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E. II.8.a. Resisting Marcos, 1983-86

The people power movement has been well covered by the literature on civil resistance – partly because it provided an impressive example of unarmed mobilization, which influenced many later people power protests, and also because the Aquino family and the Catholic resisters consciously adhered to nonviolent principles and took part in training sessions on nonviolent action organised, including some organised by an affiliate of the International Fellowship of Reconciliation. The events of 1986 have also been described and analysed in the broader literature on politics and rebellion.

Arillo, Cecilio T., Breakaway: The Inside Story of the Four Day Revolution in the Philippines, February 22-25 1986, Manila, CTA and Associates, 1986, pp. 288

Account focusing primarily on role of military and using extensive military sources, but also discusses the role of people power.

Bello, Walden, Aquino’s elite populism: Initial reflections, Third World Quarterly, Vol. 8, issue 3 (July), 1986, pp. 1020-1030

Observes that Cory Aquino’s movement seen as a third force by the US, though author rebuts US claims to have supported her before the fall of Marcos. Describes movement as ‘a genuine populist phenomenon’ with base in urban middle class, bringing onto the streets the lower middle class, unemployed workers and shanty town residents. Aquino avoided ties to the left, and did not need them to win the election, though – Bello claims – the left had paved the way for her ultimate success.

Bello, Walden, From the ashes: The rebirth of the Philippine revolution – a review essay, Third World Quarterly, Vol. 8, issue 1 (January), 1986, pp. 258-276

Leftist academic discusses sympathetically the role of the left and armed revolution in the countryside, but also explores the ‘legal, semi-legal and clandestine mass struggles in the cities’. Notes the creation by 1975 of a militant workers’ movement and the 1975 year-long wave of over 400 strikes, as well as networks among Catholics, professionals and students.

Cortright, David ; Watts, Max, Left Face: Soldier Unions and Resistance Movements in Modern Armies, Westport CT, Greenwood Press, 1991, pp. 296

The chapter ‘The Philippines: another Portugal?’, pp. 220-28, challenges the view that the Reformed Armed Forces Movement was ever a revolutionary movement, concluding ‘The primary thrust for the overthrow of Marcos and the installation of Cory Aquino came from the people themselves, notably the church and the middle classes’.

Ellwood, Douglas J., Philippines Revolution 1986: Model of Nonviolent Change, Quezon City, Philippines, New Day Publishers, 1986, pp. 60

Includes material on role of local peace movement, nonviolence training and a 1983 statement on ‘creative nonviolence’.

Fenton, James, The snap revolution, Granta, issue 18, 1986, pp. 33-155

Johnson, Bryant, The Four Days of Courage: The Untold Story of the People Who Brought Marcos Down, New York, Free Press, 1987, pp. 290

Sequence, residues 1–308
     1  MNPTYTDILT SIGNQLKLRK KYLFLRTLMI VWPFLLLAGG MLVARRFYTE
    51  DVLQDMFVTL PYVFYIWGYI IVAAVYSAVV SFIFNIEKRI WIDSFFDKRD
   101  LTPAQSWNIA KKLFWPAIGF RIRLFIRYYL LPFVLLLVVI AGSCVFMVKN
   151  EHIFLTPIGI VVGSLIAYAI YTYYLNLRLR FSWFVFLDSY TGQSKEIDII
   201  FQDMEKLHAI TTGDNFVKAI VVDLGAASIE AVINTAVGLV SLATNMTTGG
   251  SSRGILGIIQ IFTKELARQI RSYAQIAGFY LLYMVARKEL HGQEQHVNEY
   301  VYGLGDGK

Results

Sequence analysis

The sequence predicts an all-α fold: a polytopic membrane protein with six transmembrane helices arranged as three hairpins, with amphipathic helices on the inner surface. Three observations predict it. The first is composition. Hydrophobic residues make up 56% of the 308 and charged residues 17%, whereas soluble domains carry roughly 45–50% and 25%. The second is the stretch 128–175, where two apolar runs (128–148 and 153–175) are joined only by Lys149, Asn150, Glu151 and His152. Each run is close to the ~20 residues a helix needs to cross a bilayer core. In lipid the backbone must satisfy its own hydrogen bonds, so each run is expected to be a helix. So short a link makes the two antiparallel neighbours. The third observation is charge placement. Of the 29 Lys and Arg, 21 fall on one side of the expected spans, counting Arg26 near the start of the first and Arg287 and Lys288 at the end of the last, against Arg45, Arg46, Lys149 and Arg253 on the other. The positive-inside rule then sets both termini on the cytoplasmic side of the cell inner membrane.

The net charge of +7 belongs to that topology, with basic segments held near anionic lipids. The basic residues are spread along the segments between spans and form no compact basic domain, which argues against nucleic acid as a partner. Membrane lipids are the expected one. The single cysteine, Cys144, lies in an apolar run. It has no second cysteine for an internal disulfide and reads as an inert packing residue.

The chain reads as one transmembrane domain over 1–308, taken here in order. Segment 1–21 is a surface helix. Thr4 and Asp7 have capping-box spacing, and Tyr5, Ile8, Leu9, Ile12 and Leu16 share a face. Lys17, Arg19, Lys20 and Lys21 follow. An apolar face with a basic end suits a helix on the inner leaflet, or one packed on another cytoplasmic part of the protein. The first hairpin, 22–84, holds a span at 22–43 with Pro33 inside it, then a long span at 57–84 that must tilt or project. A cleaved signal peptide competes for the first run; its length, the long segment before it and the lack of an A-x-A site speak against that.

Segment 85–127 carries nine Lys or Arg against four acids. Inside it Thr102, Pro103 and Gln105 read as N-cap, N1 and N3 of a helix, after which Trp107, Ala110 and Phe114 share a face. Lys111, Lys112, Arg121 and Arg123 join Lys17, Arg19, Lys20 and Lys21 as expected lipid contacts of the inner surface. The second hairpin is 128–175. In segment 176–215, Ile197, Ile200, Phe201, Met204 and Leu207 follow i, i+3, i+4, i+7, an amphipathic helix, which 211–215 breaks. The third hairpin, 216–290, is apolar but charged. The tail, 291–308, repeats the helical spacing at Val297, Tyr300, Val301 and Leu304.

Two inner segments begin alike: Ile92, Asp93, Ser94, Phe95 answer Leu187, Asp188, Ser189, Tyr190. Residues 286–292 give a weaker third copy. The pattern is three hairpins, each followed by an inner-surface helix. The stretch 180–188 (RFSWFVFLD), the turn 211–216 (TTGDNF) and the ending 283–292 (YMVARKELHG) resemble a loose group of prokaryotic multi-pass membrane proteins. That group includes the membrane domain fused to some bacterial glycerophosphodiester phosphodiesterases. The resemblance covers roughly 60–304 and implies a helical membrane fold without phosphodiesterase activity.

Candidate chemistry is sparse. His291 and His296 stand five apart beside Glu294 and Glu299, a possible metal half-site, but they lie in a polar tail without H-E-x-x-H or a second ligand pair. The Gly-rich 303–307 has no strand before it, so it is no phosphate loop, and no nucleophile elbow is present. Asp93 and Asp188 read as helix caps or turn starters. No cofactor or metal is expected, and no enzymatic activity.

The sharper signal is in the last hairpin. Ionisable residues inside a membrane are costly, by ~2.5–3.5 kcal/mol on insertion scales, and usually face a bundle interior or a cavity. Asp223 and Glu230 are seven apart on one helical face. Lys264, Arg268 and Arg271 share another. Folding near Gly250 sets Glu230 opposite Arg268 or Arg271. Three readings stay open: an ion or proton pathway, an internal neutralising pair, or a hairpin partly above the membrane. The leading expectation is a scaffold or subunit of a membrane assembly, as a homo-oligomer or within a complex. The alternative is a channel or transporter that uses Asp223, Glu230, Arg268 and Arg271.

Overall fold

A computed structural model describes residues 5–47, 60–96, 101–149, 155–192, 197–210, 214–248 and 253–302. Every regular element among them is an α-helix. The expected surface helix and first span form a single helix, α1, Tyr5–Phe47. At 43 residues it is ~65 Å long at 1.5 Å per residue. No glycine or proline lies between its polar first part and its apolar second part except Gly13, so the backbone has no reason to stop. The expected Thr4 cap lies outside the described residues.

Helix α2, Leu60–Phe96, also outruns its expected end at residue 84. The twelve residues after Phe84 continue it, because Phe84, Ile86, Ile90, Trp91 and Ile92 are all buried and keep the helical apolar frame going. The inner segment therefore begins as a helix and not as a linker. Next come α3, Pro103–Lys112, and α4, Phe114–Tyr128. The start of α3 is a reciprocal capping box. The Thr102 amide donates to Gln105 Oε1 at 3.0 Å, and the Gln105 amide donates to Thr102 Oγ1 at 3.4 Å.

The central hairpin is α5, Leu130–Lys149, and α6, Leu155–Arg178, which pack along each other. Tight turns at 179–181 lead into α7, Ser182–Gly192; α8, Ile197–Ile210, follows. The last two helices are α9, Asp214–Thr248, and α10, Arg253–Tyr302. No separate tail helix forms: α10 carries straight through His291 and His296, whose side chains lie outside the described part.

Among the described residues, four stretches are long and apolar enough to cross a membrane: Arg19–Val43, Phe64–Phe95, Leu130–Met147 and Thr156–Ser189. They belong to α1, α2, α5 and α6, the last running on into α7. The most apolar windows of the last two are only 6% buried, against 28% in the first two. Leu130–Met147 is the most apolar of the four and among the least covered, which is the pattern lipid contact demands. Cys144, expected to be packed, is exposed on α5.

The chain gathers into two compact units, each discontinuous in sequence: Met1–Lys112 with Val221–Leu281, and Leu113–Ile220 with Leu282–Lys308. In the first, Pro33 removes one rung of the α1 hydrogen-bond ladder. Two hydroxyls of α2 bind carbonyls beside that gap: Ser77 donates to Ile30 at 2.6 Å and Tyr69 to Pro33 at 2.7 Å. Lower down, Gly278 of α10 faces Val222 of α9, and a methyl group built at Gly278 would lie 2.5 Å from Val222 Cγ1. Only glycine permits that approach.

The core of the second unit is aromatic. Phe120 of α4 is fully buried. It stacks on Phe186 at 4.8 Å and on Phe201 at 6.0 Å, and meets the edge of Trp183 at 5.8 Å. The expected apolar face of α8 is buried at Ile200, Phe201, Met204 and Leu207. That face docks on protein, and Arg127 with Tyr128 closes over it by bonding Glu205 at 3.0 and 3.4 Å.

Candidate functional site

Emphasis on role of military and Catholic Church.

Komisar, Lucy, Corazon Aquino: The Story of a Revolution, New York, George Brazillier, 1987, pp. 290

Discusses role of Benigno Aquino and Corazon Aquino’s involvement in politics; pp. 105-23 focus on mutiny and popular protests.

Lee, Terence, The Armed Forces and Transitions from Authoritarian Rule, Comparative Political Studies, Vol. 42, issue 5 (May), 2009, pp. 640-669

Mendoza Jr., Amado Jr., ”People Power” in the Philippines, 1983-86, In Roberts; Garton Ash, Civil Resistance and Power Politics: The Experience of Non-violent Action from Gandhi to the Present (A. 1.b. Strategic Theory, Dynamics, Methods and Movements), Oxford, Oxford University Press, pp. 179-190

Discusses if the role of civil resistance from 1983 onwards ‘derived from a principled rejection of violence, or from particular strategic, moral, and cultural considerations’. Suggests all relevant to the moderate coalition against Marcos. Also discusses crucial role of US government – though divided – and notes the continuing problems facing Philippine democracy.

Mercado, Monina Allarey, People Power: An Eyewitness History: The Philippine Revolution of 1986, Preface and scenarios by Francisco S. Tatad, Manila and New York, J.B. Reuter and Writers and Readers Publishing, 1987, pp. 320

Pascual, Dette, Organizing “People Power” in the Philippines, Journal of Democracy, Vol. 1, issue 1 (winter), 1990, pp. 102-109

Brief but illuminating account, by the founder and chair of the National Women’s Movement for the Nurturance of Democracy in the Philippines, of the role played by her organization and two related civil society groups between 1983 and 1986.

Schwenk, Richard L., Onward Christians! Protestants in the Philippines Revolution, Quezon City, Philippines, New Day Publishers, 1986, pp. 102

Examines role of various Protestant groups and stresses Christian basis of nonviolence.

Thompson, Mark R., The Anti-Marcos Struggle: Personalistic Rule and Democratic Transition in the Philippines, New Haven CT, Yale University Press, 1995, pp. 225